Digital
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16 March - 24 April 2020

Our online festival is underway with a packed programme of interviews and panels. Featuring talks from the industry’s biggest brands and most innovative individuals, this event explores what digital transformation really means for marketing.

Coming Up
10 Apr 10:00 BST / 05:00 EST

Talk to me: voice technology, are we there yet?

FEATURING
Hamish McPharlin
Head of Insight at BBC Global News
Sophie Hind
Managing Director at Voiceworks
Imogen Watson
Journalist at The Drum

The easiest (and least scary) way to automate your marketing

While marketing industry buzz tells us to expect more automation, so far, the rate of adoption has not reflected expectations. Is this because Machine has not yet reached the perfection that we demand (despite our ample room for human error)? What is it that we fear when we read about the newest automation tech on the block? Realistically, you’re not going to be replaced. Truthfully, all to be feared is that we’ll have more time on our hands to do what we’d prefer to be doing. And yet, the reluctance to automate is strong.

Looking back over the last decade, it’s clear that the introduction of new technology has created greater possibilities and more roles for marketers. It’s inevitable automation and technologies will be playing an even more integral role in the future of marketing. The good news is that it’s OK to take baby steps with automation at first. All automation technologies exist to simplify work processes, however, they come on a scale of complexity. Smaller-scale marketing technologies are designed to relieve you of the more repetitive, mundane tasks. These are the technologies we can hopefully agree are best to start with and therefore more realistic to adopt first. You’re not going to buy a Ferrari when you just passed your test.

Feed automation

You may or may not already be using data feeds in your daily work. If you’re not, a data feed is merely a file that contains information such as inventory. The possibilities a data feed can unlock in marketing have steadily grown. They are mostly used when a marketing channel (e.g. Google, Facebook, AWIN, Amazon) requests your inventory in order to create ads or listings. Relying on the IT department to adapt the data can cause a huge delay and friction in making dynamic and responsive ad campaigns online. This is where a feed automation tool, such as Channable’s feed manager, simplifies the work process. A feed automation tool can automate the creation of feeds for retargeting, social ads, display and many more. Look out for a technology with a good UI and UX because you’re hoping to steer clear from overcomplicating processes.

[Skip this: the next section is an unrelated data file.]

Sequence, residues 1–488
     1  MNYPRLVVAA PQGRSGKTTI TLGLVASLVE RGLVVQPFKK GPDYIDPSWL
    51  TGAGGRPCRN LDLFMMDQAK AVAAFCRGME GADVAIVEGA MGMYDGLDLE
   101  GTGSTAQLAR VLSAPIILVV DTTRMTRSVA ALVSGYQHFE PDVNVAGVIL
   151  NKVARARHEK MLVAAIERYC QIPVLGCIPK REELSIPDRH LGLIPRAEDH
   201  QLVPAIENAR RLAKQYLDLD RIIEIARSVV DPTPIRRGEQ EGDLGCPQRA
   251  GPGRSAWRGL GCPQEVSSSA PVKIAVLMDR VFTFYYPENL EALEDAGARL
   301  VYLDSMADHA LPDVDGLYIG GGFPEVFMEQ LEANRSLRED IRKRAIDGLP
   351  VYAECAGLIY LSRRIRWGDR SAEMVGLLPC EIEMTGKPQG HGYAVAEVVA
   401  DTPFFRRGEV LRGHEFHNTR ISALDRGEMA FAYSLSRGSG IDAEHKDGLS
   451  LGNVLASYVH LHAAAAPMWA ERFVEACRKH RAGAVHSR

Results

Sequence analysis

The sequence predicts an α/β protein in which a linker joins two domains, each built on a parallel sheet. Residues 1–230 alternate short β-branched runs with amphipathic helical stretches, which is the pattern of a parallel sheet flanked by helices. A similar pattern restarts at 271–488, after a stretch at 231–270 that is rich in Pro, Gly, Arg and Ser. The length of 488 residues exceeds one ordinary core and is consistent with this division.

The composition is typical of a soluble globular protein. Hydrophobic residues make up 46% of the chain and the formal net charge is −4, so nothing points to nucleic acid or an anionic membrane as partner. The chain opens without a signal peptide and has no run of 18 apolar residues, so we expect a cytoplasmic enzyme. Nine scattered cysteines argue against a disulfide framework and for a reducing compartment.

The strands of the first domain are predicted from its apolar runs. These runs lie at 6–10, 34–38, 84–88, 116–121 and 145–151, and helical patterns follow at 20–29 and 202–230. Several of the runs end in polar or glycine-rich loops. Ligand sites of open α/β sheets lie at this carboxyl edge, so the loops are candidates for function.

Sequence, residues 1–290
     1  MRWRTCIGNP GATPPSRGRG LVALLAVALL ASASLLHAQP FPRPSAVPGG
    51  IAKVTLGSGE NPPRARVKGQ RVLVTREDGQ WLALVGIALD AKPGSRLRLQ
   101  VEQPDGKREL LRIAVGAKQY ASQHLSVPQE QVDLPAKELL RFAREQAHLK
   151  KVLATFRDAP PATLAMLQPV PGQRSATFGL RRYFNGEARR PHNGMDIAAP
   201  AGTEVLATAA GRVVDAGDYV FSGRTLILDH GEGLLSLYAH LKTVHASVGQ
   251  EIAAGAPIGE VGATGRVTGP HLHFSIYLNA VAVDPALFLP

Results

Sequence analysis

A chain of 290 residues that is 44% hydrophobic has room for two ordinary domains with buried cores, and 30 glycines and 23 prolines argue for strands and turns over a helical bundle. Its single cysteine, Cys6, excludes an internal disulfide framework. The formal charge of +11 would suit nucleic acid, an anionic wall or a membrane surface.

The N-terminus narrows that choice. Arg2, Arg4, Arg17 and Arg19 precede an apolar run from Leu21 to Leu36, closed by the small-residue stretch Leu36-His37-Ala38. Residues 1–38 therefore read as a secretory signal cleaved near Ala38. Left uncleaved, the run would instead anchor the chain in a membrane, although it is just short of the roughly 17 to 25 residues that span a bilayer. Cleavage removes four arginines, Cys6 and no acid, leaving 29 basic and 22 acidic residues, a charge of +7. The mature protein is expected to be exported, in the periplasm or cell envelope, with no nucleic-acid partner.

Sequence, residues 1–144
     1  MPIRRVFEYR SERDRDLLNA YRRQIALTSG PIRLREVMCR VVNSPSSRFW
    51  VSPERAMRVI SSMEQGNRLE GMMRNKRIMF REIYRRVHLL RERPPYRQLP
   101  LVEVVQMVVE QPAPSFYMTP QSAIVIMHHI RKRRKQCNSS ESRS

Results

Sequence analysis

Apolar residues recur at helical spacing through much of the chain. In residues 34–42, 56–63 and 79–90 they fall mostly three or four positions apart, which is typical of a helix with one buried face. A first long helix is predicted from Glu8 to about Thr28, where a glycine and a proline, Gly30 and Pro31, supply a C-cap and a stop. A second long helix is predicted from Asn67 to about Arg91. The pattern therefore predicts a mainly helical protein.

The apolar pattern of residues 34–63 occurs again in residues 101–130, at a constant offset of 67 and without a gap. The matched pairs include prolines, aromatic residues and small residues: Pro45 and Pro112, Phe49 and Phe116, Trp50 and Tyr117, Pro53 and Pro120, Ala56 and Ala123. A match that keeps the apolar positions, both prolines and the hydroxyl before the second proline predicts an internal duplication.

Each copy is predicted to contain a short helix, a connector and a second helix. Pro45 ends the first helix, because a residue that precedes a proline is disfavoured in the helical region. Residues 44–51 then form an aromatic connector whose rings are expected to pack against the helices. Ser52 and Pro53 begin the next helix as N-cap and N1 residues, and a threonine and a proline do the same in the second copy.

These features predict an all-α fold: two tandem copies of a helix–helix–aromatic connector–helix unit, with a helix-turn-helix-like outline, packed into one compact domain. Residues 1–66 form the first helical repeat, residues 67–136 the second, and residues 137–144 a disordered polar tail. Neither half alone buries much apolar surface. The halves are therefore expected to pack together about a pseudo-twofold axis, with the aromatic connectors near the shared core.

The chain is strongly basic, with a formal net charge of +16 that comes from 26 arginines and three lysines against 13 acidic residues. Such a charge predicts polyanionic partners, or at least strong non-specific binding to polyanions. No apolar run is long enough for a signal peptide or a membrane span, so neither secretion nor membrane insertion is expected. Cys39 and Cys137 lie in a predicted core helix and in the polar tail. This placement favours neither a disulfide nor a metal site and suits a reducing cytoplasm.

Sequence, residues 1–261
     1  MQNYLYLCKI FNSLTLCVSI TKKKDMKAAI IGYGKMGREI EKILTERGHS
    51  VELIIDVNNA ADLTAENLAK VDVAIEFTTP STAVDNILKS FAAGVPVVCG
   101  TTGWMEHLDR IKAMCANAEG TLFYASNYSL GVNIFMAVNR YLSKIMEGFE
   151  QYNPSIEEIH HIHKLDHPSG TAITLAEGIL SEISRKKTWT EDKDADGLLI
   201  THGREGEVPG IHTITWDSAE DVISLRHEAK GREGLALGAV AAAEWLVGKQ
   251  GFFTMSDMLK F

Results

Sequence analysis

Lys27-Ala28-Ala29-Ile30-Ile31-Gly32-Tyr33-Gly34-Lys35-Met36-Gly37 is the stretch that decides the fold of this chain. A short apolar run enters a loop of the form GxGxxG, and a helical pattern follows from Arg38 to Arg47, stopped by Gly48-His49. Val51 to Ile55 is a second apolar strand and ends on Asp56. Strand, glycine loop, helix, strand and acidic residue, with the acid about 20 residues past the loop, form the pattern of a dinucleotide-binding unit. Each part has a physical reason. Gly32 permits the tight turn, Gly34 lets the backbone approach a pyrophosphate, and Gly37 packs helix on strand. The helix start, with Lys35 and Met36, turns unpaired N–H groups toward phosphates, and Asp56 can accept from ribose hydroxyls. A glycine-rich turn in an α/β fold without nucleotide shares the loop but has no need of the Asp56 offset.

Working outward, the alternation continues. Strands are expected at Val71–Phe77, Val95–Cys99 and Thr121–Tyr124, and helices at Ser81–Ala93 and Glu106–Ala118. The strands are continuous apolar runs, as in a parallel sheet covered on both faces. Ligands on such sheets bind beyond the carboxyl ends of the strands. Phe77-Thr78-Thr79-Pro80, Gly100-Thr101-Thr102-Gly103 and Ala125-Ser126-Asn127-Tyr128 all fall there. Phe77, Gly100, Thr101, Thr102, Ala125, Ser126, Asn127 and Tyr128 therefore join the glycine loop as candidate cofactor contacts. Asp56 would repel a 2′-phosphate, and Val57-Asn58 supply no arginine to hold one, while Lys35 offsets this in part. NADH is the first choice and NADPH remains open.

Online ad automation

If you’ve ever had to write or implement ad copy for PPC ads, you can probably agree it’s fairly cumbersome. There are automation systems on the web that can help you generate hundreds of highly relevant copy for ads, sitelinks and keywords. You do this by building a template using dynamic fields. The system will be directly liked to your ads account, so after you’ve built the ad structure, it’ll only take a click of a button and potentially hundreds of ads are in your account. This then frees up time to focus on optimizing campaigns or bidding. Bidding is also something that you can now automate. AI technology will analyse the optimal time and budget for your keywords. Channable’s PPC tool is an automation tool that can generate the ad copy straight to your account, but there are others that include bidding and advanced targeting possibilities.